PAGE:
So how are porcupines doing?

Well, it’s concerning since I haven’t detected one yet. We have biologists in Tuolumne, Madera and Fresno counties that are helping me with this project who haven’t detected them either. Porcupines once were quite common in our forests and now we never see them. They’ve had detections in Yosemite so at least we know they are up there. We are trying to detect them over an area that includes three national forests so there is a lot of ground to cover, but I am hopeful that we will find one eventually.

You were among the first wildlife biologists in the state assigned to the nutria eradication effort. What’s one message you’d like to share about nutria?

I think people just need to know the potential destructiveness. Nutria have the potential to destroy what is left of our native habitat – the very small amount of wetlands we have left that millions of waterfowl and other native species rely on. To have an animal that is not native potentially destroy our native habitat and make it disappear – people need to know that impact. People need to understand how important it is to identify nutria and let us know where they are. 

Tell us something about yourself people would be surprised to learn.

I met my wife, Renee, banding doves and we got married on the property where I still band doves. I was living on the same street as I do now in Visalia. I needed a place to band doves, and 500 yards down the street was her parents’ property. Their son is a biologist, and I asked them if I could use their property, put out some traps. I got to know the family. They invited me to dinner, and I met Renee. We got married in May.

Photos courtesy of Evan King. Top Photo: Surveying local deer and elk populations is a routine part of Evan’s responsibilities. Here he collects vital statistics from a tule elk near the San Luis Reservoir in Merced County.

Categories: Featured Scientist
  • August 16, 2018

Woman in green shirt and green fishing hat holding up burned electronic box with fallen tree and trees in background.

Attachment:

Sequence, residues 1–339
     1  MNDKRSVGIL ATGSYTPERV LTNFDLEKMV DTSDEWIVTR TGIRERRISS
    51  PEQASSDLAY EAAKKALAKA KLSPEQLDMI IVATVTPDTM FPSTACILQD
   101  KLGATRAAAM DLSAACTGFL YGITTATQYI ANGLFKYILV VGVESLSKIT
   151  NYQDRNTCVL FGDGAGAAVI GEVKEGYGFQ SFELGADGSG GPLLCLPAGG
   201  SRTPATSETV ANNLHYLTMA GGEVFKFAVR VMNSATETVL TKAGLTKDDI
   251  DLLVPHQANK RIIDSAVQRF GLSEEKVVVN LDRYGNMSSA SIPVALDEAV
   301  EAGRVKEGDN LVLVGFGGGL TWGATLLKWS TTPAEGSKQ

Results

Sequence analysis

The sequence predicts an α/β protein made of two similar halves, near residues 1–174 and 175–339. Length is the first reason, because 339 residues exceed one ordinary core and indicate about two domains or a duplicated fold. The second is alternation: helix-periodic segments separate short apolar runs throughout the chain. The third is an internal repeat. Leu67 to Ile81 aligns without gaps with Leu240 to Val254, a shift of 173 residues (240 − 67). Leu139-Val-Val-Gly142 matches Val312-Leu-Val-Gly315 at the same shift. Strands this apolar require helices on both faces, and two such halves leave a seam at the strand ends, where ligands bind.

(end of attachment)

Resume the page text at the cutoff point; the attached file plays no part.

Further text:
One of several burned trail cameras Martinelli lost in the Knoxville Wildlife Area as a result of the County Fire in July 2018.

Woman in blue shirt and black vest with green ball cap holding bagpipes.
Martinelli on the bagpipes

Woman in straw hat, sunglasses, and green shirt holding up a brown and cream colored snake.
Martinelli holds a kingsnake from the Santa Rosa Plain Vernal Pool Ecological Reserve in Sonoma County

Stacy Martinelli is CDFW’s wine country wildlife biologist. An environmental scientist based in Santa Rosa, Stacy is assigned to Napa and Sonoma counties where she has worked the past 10 years conducting wildlife research, resolving human-wildlife conflicts and helping manage CDFW’s properties.

Stacy was born and raised in Montreal, Canada. She earned an undergraduate degree in wildlife management from Montreal’s McGill University and a master’s degree in wildlife ecology, also from McGill. For her graduate research, she studied black ducks in Nova Scotia, one of Canada’s Maritime provinces on the Atlantic Coast.

What brought you to the United States?

Work – like every immigrant. I just couldn’t find work in Canada so I answered an ad in an ornithological newsletter looking for help on a waterfowl research project down in Los Banos. I was like, “I’ll do that. That’ll be fun. I’ll just start building my résumé.” It was a six-month contract helping a graduate student from the University of Missouri with some research. The project ended and I thought, “I like California.” That was in 1995.

How did you get to CDFW?